Labyrinth and Rhizome
On the Work of Walid Raad
In The Postmodern Condition: A Report on Knowledge, Jean-François Lyotard posits that postmodernity’s skepticism towards modernist metanarration is key to understanding this epochal shift. Constructed continuities attempted to inform the individual’s orientation and modern society’s ability to make sense of its past, present, and future. These overarching “grand narrative[s]” presented themselves as institutionalized, universalist truth-claims. Others, including Fredric Jameson, theorize that this loss of orientation and historicity has given way to a sort of pastiche, a collection of empty signifiers that no longer bear true relation to the past.
In response to this loss of historicity, artistic practices from the early 1990s onward began to favor memory over history, the oral over the written, and singular perspectives over the master narrative. This often involved embarking on singular perspectives through witnesses’ testimonies. The increasing geopolitical complexities required incomplete approaches rather than those which retained an idea of symbolic totality. While marking the return of the narrative, it emerges in its most scattered and fragmented form. Centrally, the emergence of alternative subjective ways of speaking has fostered the participation of multiple, previously unheard voices. As “the logic of facts and the logic of stories” mingle, a division between the two regimes is impossible. Conversely, the underlying power structures which advocate their division in the first place are highlighted.
Demonstrated in artistic practices (especially in the Middle East), the overlapping of facts and stories facilitate reflection on the construction and writing of history, both linked to singular outlooks on a contested public sphere. Some of these practices, especially in the Middle Eastern, post-conflict context, questioned the topos of the archive as a relic of modernity. They utilized alternative forms of knowledge production. Mobilizing the archive as both tool and material site, these practices renegotiated models of representation. Markus Miessen and Yann Chateigné describe it as a prolific “space of conflict.”
Reimagining the Public Sphere
Working with fiction and the imaginary as central categories in contemporary art of the last quarter of a century, Lebanese artist Walid Raad’s practice continually produces radically asymmetrical narratives and images. To the viewer, the body of work of Raad, a preeminent figure in the contemporary art world of the Middle East, often remains obscure and labyrinthine, especially when engaging in the incongruities in the artist’s narratives, his humor, and the disguise of his purported role as artist-as-researcher in the form of his imaginary collective, The Atlas Group. Centrally, Raad has fostered a style of narration and performative interaction using “documents” (be they archival or produced) that allow a glimpse of new perspectives on a yet-to-come public sphere.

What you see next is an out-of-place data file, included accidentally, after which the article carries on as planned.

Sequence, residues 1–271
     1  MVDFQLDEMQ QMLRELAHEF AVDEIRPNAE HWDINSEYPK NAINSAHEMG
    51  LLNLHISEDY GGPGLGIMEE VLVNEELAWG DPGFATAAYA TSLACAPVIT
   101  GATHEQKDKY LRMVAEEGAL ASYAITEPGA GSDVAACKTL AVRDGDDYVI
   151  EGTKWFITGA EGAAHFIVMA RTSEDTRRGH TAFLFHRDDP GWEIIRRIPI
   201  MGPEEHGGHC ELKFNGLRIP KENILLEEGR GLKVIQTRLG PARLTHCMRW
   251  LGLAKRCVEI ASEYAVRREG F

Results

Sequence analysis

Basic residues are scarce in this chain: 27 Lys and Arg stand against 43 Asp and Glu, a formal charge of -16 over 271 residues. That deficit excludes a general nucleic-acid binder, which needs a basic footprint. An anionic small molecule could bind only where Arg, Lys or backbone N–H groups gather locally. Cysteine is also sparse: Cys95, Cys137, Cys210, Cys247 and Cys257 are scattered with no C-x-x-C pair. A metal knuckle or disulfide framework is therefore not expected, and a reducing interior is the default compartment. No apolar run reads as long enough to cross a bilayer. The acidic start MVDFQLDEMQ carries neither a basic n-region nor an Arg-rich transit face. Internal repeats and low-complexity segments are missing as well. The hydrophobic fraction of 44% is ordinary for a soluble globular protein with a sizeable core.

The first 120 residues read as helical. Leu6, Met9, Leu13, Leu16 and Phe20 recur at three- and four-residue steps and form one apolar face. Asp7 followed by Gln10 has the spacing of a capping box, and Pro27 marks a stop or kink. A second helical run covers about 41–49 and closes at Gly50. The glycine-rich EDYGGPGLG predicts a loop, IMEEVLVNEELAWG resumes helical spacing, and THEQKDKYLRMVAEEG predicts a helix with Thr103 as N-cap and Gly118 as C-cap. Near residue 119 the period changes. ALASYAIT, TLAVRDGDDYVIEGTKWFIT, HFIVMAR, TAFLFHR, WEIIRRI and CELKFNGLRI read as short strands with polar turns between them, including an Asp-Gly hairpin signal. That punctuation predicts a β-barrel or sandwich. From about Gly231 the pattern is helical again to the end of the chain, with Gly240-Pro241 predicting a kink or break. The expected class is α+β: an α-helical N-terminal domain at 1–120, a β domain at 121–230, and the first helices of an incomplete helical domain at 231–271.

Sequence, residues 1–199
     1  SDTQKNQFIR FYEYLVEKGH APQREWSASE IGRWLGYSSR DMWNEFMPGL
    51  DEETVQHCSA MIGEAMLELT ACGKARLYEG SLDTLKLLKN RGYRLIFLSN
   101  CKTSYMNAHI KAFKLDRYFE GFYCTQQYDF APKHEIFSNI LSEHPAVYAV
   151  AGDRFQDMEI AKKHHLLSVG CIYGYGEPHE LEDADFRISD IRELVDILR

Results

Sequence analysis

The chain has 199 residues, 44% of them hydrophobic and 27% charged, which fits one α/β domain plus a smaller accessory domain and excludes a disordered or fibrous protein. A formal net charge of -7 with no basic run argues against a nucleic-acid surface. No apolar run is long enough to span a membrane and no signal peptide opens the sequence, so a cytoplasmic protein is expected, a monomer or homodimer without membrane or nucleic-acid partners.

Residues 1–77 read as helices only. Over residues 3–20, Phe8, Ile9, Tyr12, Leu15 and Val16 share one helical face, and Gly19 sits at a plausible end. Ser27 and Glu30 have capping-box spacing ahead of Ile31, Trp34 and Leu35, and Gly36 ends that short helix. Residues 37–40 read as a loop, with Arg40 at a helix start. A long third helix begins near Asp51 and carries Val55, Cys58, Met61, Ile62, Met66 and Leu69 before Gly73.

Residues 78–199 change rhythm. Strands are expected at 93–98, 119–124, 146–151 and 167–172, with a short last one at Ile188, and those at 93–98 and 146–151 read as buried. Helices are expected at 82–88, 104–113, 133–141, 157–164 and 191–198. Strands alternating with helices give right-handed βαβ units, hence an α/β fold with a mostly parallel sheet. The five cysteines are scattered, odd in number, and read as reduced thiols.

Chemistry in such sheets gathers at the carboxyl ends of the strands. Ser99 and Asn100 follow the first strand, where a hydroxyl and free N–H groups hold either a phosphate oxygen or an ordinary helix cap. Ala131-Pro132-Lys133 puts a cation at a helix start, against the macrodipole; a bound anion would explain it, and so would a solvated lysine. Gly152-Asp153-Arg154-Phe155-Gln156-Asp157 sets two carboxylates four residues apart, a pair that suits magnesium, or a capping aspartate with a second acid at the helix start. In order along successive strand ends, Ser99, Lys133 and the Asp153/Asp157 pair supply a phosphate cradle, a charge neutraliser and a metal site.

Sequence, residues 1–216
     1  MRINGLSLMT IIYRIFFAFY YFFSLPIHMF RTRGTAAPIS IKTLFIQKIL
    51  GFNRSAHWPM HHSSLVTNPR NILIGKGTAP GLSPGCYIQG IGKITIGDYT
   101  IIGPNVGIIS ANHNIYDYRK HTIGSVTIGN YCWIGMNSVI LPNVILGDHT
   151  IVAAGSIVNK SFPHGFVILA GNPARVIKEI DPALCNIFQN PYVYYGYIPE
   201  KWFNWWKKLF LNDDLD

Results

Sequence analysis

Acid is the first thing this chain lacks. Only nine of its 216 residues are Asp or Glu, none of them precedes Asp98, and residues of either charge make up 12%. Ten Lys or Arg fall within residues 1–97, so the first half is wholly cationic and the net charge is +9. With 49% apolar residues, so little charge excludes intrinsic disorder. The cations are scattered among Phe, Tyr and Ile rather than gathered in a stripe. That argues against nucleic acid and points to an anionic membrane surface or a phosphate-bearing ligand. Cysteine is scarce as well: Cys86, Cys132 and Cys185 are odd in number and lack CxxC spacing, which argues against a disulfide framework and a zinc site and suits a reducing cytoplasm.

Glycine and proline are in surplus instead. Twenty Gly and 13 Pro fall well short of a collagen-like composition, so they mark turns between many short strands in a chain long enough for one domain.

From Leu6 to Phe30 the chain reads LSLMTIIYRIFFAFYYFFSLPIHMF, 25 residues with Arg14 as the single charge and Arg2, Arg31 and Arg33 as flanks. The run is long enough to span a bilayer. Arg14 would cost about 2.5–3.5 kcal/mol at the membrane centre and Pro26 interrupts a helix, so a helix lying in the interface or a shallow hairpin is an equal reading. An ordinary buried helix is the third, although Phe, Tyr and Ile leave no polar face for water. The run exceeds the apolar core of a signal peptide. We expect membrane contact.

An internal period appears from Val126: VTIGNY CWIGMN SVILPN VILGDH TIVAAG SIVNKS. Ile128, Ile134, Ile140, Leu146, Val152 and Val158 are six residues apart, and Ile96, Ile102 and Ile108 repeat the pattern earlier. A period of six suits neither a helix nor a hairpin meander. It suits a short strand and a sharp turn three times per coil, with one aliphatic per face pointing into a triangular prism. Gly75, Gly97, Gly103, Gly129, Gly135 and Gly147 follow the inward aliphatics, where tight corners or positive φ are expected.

Raad’s work posed a radical promise in the mid- and late 1990s, confounding the borders between thorough research and imagination. Arguably, the artist’s strategies and means have morphed into dominant contemporary forms of artistic production. As Pamela M. Lee, for instance, poignantly puts it, Raad’s fictions and his blurring of the borders between reality and fiction did not simply aim to disrupt the horizon of expectations of spectators. Rather, his forged collectivism and imaginative production of ostensible facts was an expression “emblematic of a new crisis of representation surrounding the politics of visibility.”
As Raad has suggested in “The Beirut Al-Hadath Archive,” he aims to “yield an ever-expanding collection of images” and, in this way, establish “a project that cannot and will not end.” “The Beirut Al-Hadath Archive,” an article published in the journal Rethinking Marxism, is one of the formative precursors for what would develop into the artist’s best-known project, The Atlas Group. While the quotation relates to one specific project, we can see how the idea threads throughout his work. The roots of this can be traced back to his images and narratives of the early and mid-1990s, including video, photography, archival works, and academic research. His ongoing works, existing in series, are interconnected and presented as iterations with variations.